For more BBC radio programmes see .

History of BBC Radio

The BBC radio services began in 1922. It was licensed by the British Government through its General Post Office which had original control of the airwaves because they had been interpreted under law as an extension of the Post Office services. Today radio broadcasting still makes up a large part of the corporation's output and this is still reflected in the title of the BBC's listings magazine called 'Radio Times'.

First charter

On 31 December 1926 the British Broadcasting Company became the British Broadcasting Corporation and gained control of the airwaves under the terms of a Royal Charter. John Reith, who had been the founding Managing Director of the commercial company, became the first director. He expounded firm principles of centralised, all-encompassing radio broadcasting, stressing programming standards and moral tone. These are set out in his autobiography, Broadcast Over Britain (1924), influencing modern ideas of public service broadcasting in the United Kingdom. To this day, the BBC aims to follow the Reithian directive to "inform, educate and entertain". Critics of his approach state that he was dictatorial and that he imposed a theocratic viewpoint on the broadcasting service. Reith's ideals were utterly at odds with the model of light entertainment based commercial radio adopted in some other countries (e.g. the USA).

Competition from overseas stations

Although no other broadcasting organisation was licensed in the UK until 1973, commercial competition soon opened up from overseas. The commercial competitors were for the most part represented by the International Broadcasting Company that bought blocks of airtime from radio stations such as Normandy, Toulouse, Ljubljana, Juan les Pins, Paris, Poste Parisien, Athlone, Barcelona, Madrid and Rome. In the period from 1927 to 1939, light entertainment on the British airwaves was for the most part the domain of the 10 part-time English language IBC stations. By 1938 on Sundays upwards of 80% of the British audience turned their dials away from the BBC to these IBC stations which followed an American format of commercial broadcasting. They were eventually silenced by the advent of the German military taking control of their transmitters in France, Luxembourg and other countries during World War II.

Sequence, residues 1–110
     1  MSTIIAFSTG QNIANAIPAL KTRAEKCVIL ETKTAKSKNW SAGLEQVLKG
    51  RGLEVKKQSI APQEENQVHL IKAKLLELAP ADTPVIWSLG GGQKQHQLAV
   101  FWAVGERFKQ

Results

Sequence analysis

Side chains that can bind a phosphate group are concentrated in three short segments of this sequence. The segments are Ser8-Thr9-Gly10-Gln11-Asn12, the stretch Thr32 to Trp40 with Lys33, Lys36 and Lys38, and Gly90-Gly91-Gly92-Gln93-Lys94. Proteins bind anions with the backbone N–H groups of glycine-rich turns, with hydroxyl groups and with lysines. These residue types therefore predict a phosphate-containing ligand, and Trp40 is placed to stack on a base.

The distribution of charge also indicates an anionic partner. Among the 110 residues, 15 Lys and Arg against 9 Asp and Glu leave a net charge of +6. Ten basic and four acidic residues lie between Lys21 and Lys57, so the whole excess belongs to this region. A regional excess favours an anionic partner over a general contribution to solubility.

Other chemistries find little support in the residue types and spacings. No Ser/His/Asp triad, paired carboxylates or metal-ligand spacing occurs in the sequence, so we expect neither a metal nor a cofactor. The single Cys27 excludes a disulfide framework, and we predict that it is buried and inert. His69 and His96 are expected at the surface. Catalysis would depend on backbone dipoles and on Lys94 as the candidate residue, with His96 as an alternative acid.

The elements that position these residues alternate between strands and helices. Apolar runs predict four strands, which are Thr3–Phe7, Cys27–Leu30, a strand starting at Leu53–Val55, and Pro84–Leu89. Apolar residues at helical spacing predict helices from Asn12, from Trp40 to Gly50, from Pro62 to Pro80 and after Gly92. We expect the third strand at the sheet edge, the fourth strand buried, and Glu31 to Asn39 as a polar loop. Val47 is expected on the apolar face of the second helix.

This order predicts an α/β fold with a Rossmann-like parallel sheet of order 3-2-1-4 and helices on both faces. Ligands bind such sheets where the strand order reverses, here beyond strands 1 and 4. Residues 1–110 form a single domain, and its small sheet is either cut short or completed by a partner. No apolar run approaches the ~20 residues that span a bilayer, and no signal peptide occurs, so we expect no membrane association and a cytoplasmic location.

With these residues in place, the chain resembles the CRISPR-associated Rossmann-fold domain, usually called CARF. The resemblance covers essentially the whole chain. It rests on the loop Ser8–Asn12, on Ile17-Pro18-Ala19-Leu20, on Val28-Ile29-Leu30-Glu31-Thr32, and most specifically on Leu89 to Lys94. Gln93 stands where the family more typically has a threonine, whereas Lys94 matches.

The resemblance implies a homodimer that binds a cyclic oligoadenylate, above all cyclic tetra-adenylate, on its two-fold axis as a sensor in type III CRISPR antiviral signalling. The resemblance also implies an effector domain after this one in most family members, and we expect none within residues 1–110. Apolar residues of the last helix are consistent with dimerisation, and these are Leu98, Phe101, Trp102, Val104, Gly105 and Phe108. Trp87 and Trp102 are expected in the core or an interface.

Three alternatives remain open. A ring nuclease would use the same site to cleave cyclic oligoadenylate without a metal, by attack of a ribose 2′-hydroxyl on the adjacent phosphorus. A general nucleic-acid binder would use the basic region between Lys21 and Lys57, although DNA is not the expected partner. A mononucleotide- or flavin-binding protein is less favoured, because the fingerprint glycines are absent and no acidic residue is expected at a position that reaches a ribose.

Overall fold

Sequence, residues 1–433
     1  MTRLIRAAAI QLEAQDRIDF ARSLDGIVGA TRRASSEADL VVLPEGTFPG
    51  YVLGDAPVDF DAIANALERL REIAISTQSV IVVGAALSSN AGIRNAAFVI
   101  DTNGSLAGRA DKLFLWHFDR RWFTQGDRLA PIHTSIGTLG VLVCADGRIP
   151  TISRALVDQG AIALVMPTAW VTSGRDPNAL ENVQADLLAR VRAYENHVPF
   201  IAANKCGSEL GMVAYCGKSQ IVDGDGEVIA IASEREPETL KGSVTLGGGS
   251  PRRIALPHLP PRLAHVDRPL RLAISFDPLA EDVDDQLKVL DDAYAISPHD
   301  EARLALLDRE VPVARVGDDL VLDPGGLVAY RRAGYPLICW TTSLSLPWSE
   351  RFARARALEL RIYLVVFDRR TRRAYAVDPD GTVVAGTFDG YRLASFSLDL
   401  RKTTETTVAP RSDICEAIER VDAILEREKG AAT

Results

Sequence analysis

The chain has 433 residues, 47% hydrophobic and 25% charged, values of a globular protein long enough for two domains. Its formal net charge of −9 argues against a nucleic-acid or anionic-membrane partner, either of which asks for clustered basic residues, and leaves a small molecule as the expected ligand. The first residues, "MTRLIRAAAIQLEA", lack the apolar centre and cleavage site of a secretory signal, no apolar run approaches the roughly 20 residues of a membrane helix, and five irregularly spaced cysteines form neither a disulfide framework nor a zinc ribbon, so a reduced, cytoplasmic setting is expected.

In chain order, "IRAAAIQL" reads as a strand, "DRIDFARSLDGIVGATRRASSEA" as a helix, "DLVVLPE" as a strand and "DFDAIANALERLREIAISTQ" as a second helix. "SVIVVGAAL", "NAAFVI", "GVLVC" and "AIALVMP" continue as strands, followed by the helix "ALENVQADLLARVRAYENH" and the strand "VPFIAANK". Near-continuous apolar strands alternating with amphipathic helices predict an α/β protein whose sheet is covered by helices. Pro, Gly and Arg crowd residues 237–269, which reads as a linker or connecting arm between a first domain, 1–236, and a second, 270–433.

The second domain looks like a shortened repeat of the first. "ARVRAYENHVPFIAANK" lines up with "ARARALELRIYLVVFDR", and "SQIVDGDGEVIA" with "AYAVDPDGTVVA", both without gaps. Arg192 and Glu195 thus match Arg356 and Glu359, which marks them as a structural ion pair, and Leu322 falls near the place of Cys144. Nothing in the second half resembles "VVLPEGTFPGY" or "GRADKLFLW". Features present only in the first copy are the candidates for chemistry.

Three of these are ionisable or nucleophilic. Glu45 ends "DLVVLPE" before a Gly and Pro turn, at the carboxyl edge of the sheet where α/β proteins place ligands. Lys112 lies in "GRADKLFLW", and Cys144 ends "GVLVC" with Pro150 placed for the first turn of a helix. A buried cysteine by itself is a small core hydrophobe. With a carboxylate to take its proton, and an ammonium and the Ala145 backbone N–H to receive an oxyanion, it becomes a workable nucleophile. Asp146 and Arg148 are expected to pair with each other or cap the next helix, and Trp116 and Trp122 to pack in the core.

American Armed Forces influence

The respite from American influence on British broadcasting was short lived. When the US military flooded Europe with troops during World War II, American-style programming followed and the BBC was forced to transmit these shows, first on the BBC Forces Programme and later on the BBC General Forces Programme, both on the former frequencies of the BBC National Programme. After the war the BBC Forces transmitters that had carried these shows were transformed into a network called the BBC Light Programme.

The original BBC stations which had been linked together to form the BBC Regional Programme were transformed into the BBC Home Service. A third part-time service was created under the name of the BBC Third Programme. For the history of these stations see Timeline of the BBC.

Empire and the world

To provide a different service from the domestic audience the Corporation started BBC Empire Service on Short Wave in 1932 originally in English but it soon provided programmes in other languages. At the start of the Second World War it was renamed The Overseas Service but is now known as the BBC World Service.[3]

Commercial radio influence

WWII silenced all but one of the original IBC stations, only Radio Luxembourg continued its nightly transmissions to Britain as a commercial radio station featuring American-style entertainment and religion.

Beginning in 1964 the first in what became a fleet of 10 offshore pirate radio stations began to ring the British coastline. By 1967 millions were tuning into these commercial operations and the BBC was rapidly losing its radio listening audience.[4] [5]

The British government reacted by passing the Marine Offences Act, which all but wiped out all of the stations by midnight on 14 August 1967. Only Radio Caroline survives.